**The following is the definition for Proximate Sorting given in my paper:**

An array of distinct integers is k-proximate if every integer of the array is at most k places away from its place in the array after being sorted, i.e., if the ith integer of the unsorted input array is the jth largest integer contained in the array, then |i − j| ≤ k. In this problem, we will show how to sort a k-proximate array faster than Θ(n log n).

**The following is the proof for time complexity of k-proximate insertion sort:**

To prove O(nk), we show that each of the n insertion sort rounds swap an item left by at most O(k).

In the original ordering, entries that are ≥ 2k slots apart must already be ordered correctly: indeed, if A[s] > A[t] but t − s ≥ 2k, there is no way to reverse the order of these two items while moving each at most k slots. This means that for each entry A[i] in the original order, fewer than 2k of the items A[0], . . . , A[i−1] are less than A[i]. Thus, on round i of insertion sort when A[i] is swapped into place, fewer than 2k swaps are required, so round i requires O(k) time.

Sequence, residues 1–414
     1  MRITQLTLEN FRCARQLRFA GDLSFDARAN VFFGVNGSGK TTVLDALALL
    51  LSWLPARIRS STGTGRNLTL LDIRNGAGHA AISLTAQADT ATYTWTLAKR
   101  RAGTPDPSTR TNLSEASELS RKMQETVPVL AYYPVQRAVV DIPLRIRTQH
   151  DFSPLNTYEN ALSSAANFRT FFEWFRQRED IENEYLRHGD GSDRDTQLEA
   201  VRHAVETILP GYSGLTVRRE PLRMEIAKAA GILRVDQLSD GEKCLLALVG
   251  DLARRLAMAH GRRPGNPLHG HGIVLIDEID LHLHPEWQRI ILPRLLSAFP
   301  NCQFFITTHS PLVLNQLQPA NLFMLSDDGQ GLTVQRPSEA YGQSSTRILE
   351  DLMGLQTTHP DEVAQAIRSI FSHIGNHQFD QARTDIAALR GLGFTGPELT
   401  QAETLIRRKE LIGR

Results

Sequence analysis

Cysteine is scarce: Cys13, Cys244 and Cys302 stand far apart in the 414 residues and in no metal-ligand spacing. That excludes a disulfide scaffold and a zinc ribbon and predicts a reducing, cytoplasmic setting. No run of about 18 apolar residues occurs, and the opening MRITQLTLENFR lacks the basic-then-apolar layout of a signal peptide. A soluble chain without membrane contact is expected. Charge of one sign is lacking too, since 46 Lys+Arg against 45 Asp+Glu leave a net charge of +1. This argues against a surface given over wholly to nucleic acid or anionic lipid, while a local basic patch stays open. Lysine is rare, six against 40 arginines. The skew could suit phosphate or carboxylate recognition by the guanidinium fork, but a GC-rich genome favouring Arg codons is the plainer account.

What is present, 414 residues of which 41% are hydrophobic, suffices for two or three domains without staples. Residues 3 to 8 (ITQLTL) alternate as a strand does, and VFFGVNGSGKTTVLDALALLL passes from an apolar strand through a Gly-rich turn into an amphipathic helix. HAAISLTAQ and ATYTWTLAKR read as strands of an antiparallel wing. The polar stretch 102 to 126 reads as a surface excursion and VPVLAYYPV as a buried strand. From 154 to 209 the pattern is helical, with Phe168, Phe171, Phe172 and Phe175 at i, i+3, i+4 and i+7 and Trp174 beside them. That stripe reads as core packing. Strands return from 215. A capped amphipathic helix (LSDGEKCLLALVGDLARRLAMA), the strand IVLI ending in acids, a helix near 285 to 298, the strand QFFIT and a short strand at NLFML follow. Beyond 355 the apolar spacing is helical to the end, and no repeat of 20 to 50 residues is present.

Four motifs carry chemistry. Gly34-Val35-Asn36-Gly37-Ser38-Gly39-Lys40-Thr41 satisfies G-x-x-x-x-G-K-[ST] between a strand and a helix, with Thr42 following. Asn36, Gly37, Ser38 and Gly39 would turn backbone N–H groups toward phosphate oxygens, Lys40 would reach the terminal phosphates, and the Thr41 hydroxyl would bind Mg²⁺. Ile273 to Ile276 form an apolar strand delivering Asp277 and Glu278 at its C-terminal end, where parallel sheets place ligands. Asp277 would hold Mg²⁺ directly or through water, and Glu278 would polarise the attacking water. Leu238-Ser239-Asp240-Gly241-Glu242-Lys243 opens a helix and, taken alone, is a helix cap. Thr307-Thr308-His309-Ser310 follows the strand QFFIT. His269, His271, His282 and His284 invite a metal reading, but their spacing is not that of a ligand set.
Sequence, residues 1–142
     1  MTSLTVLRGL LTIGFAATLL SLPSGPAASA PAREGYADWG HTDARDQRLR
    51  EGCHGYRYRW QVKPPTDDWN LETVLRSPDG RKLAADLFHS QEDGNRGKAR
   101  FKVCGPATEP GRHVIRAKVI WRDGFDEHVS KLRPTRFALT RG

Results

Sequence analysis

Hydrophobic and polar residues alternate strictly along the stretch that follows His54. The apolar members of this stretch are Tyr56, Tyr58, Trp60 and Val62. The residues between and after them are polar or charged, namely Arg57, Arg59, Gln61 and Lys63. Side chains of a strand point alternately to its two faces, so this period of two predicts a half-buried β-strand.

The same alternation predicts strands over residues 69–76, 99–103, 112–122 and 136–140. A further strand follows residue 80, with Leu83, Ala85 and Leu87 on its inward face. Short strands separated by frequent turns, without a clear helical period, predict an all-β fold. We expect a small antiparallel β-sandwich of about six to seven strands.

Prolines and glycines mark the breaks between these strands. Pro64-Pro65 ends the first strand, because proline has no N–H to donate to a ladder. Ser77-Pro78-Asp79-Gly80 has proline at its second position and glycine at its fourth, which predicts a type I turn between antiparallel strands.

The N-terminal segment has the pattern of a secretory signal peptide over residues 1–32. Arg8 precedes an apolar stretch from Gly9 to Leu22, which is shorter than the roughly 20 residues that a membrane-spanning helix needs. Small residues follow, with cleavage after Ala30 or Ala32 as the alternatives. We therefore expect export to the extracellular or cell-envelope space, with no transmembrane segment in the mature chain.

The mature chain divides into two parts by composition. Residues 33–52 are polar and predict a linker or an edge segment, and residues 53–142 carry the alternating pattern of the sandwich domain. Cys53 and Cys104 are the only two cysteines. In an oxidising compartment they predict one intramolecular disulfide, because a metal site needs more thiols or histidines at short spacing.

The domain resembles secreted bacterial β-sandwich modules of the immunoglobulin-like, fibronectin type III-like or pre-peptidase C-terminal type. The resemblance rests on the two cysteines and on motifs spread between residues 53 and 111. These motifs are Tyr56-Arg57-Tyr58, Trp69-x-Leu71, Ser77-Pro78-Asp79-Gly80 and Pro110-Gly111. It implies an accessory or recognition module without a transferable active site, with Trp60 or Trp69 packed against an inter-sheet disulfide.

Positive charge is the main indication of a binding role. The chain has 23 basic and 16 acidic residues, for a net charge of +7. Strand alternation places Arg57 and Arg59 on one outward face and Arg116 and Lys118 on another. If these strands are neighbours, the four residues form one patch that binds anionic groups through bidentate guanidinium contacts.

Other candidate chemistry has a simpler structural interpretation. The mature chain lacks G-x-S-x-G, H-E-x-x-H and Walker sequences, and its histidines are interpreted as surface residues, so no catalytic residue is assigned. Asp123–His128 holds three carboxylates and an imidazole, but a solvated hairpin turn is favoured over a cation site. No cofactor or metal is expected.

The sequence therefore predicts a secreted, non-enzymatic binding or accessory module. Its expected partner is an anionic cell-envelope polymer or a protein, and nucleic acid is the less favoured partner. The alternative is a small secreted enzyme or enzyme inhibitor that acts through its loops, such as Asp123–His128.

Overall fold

My problem with the proof is this line : "This means that for each entry A[i] in the original order, fewer than 2k of the items A[0], . . . , A[i−1] are * less* than A[i]". The preceding statements just proved that t-s < 2k, otherwise the elements are sorted (as elements with distance greater than 2k cannot be swapped.) Isn’t the correct statement : "This means that for each entry A[i] in the original order, fewer than 2k of the items A[0], . . . , A[i−1] are

**greater**than A[i]"?